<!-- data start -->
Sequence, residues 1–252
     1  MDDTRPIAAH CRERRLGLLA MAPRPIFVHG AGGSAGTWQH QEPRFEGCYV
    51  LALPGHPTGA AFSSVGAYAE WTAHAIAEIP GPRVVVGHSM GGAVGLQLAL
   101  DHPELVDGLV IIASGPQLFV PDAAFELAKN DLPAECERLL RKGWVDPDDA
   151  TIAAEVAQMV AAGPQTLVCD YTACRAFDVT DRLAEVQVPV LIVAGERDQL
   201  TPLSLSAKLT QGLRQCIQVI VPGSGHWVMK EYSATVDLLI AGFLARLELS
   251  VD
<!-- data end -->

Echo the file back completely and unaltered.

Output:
Sequence, residues 1–252
     1  MDDTRPIAAH CRERRLGLLA MAPRPIFVHG AGGSAGTWQH QEPRFEGCYV
    51  LALPGHPTGA AFSSVGAYAE WTAHAIAEIP GPRVVVGHSM GGAVGLQLAL
   101  DHPELVDGLV IIASGPQLFV PDAAFELAKN DLPAECERLL RKGWVDPDDA
   151  TIAAEVAQMV AAGPQTLVCD YTACRAFDVT DRLAEVQVPV LIVAGERDQL
   201  TPLSLSAKLT QGLRQCIQVI VPGSGHWVMK EYSATVDLLI AGFLARLELS
   251  VD